Federal Reserve officials are close to deciding whether to cut the number of government bonds on its balance sheet. Certainly, both markets and investors are watching this event so they can understand how far the board will be willing to go to reduce its monetary policy.
The Fed’s budget reached more than $4.5 trillion in October 2017. Market experts are beginning to worry that this will add more pressure to the market after a series of interest rate hikes initiated by the Fed which began in 2015.
The policy-making body has been considering reducing the balance sheet during its recent meetings, with officials pointing out last December that the Federal Reserve’s benchmark funds rate could become volatile. This is likely to set the end date of the FOMC meeting next week.
“We’re waiting for the committee to be satisfied that they have reached sufficient understanding of what all the moving pieces are.” said Esther George, the Kansas City Fed President on Jan. 15.
The Federal Reserve cut its balance sheet by allowing a certain level of bond yields to be made each month, while the rest was reinvested. The maximum roll-off was $50 billion per month. December also saw a $34 billion decline in treasury bonds and mortgage-backed securities in the program.
The main concern of the market and its participants is always about the level of reserves the banking system are comfortable having. Thus, a high level of reserves in the system corresponds to a higher budget, which means that the Federal Reserve may limit the roll-off earlier than expected.
While Federal Reserve officials believe that a reduction in the public budget can be done with minimal market damage, this has never been the case. Stocks opened higher on Friday, although it was not clear whether the general trend was influenced by the policy of the board or not. Markets reacted negatively at different points on budget news, especially with large selloffs in December after Federal Reserve Chairman Jerome Powell said the process was going smoothly and was unlikely to change.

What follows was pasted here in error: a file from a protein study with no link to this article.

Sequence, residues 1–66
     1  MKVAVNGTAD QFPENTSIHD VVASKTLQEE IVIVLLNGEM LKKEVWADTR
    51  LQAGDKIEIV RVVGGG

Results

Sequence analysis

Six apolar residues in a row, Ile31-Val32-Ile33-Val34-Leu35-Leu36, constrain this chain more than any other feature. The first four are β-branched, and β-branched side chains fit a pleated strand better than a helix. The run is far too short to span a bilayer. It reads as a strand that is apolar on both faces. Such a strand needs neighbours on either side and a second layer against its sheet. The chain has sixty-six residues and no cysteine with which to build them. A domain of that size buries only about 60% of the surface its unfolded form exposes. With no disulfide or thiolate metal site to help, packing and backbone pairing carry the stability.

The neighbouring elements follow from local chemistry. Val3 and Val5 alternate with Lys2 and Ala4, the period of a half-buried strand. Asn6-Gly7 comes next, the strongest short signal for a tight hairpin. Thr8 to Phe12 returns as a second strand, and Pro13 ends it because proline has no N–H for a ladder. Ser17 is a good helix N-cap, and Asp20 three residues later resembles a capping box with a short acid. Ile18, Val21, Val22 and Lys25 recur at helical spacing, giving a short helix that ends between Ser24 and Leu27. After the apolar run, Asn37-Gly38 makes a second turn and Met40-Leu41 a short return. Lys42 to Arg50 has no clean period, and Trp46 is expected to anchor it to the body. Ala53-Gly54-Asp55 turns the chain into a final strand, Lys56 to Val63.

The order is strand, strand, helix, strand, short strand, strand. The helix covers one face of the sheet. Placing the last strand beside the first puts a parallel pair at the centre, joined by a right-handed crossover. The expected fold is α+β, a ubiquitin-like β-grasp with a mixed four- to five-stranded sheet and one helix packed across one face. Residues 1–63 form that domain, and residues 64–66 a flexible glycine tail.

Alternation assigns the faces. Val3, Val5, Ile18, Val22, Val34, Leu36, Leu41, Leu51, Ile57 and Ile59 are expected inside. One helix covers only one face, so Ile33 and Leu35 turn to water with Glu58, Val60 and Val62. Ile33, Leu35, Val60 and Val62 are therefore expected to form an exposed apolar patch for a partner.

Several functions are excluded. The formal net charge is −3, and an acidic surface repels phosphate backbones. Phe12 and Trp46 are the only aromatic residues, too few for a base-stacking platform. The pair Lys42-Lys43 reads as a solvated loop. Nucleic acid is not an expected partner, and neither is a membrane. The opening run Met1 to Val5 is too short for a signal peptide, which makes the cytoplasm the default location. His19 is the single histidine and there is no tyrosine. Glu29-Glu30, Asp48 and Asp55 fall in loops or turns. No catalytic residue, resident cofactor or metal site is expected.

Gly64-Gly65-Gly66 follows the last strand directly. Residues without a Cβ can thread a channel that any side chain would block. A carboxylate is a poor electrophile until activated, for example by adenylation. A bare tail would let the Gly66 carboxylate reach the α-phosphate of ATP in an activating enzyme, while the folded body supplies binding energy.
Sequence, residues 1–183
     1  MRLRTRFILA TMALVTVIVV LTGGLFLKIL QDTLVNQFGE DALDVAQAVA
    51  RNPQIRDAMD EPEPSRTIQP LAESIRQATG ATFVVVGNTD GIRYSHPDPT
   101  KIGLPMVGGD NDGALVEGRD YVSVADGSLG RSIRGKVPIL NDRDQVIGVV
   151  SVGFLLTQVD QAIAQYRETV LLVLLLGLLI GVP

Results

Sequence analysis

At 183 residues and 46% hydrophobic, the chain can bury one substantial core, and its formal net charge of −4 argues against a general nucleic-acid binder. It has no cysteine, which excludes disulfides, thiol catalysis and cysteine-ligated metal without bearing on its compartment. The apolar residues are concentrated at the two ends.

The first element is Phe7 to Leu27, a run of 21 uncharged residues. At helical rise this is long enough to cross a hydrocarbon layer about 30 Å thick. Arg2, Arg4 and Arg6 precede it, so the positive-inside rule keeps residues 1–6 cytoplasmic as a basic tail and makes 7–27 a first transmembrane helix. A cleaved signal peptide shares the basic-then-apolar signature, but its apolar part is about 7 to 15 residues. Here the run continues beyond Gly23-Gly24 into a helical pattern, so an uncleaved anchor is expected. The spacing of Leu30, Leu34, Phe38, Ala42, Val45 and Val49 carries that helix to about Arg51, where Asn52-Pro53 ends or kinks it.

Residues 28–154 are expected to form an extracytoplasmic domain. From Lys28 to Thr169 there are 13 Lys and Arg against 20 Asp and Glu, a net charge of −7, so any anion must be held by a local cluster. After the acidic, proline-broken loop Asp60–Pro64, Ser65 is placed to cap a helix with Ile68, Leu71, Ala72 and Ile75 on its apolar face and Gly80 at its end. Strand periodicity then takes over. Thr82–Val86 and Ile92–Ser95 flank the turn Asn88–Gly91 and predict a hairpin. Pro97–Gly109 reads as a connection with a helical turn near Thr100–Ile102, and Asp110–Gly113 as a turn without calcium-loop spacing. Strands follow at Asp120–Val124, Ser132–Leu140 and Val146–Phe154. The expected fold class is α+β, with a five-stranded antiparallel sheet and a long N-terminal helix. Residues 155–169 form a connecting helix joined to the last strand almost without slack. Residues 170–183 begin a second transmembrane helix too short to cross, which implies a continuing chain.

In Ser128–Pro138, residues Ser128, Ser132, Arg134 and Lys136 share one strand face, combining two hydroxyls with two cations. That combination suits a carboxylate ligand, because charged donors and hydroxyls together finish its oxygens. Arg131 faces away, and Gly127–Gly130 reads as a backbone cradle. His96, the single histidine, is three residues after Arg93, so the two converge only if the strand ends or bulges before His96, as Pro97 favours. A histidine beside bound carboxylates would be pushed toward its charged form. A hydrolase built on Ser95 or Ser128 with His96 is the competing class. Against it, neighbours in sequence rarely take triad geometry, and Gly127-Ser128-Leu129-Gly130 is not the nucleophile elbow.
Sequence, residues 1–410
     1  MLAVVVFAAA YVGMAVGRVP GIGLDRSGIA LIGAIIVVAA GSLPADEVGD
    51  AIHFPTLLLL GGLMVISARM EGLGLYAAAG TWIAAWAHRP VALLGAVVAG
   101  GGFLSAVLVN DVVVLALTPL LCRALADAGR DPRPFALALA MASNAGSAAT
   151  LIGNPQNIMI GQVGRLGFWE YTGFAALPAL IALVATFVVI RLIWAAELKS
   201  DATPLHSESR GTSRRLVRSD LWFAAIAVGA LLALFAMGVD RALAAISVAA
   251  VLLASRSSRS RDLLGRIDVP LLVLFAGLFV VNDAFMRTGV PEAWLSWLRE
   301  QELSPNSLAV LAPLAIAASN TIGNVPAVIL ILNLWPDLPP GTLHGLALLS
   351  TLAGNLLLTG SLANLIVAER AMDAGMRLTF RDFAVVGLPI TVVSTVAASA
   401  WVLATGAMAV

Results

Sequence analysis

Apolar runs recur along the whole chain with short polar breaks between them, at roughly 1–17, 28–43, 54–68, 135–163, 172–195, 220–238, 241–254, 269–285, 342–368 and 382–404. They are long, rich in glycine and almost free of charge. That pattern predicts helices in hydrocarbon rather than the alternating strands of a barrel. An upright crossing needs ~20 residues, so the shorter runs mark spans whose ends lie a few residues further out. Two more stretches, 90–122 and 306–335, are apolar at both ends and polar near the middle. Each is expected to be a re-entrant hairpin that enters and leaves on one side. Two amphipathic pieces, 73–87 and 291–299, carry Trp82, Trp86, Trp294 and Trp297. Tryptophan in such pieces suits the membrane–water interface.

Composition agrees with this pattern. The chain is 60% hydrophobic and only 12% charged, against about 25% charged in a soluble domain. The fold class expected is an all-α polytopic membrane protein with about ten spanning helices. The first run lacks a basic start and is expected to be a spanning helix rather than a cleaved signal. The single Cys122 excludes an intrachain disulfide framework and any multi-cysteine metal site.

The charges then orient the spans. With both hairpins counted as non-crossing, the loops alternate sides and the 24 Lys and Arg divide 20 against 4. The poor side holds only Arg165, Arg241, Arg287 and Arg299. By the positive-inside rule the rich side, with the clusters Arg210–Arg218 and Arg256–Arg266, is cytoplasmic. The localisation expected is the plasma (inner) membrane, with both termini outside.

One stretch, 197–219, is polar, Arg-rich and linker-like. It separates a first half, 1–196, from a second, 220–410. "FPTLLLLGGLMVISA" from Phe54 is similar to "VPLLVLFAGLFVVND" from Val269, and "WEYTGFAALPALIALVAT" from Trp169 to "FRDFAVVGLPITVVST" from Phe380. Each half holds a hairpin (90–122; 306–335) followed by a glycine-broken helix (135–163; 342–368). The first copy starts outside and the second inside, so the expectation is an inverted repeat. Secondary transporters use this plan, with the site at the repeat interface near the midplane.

However, according to market analysts, the Fed had to abandon its position on the public budget after a negative reaction in the market in December, and it is still not convinced of the theories of quantitative tightening that will cause a significant financial tightening. With the problem expected to be resolved between March and June, the final size is expected to reach about $3.5 trillion, or $600 billion below the current level.
It should be noted here that the balance sheet was expanded during three rounds of bond purchases that began during the financial crisis and continued as the economy continued to expand at a slow pace. The purchases eventually ended in October 2016 and the roll-off process began one year later.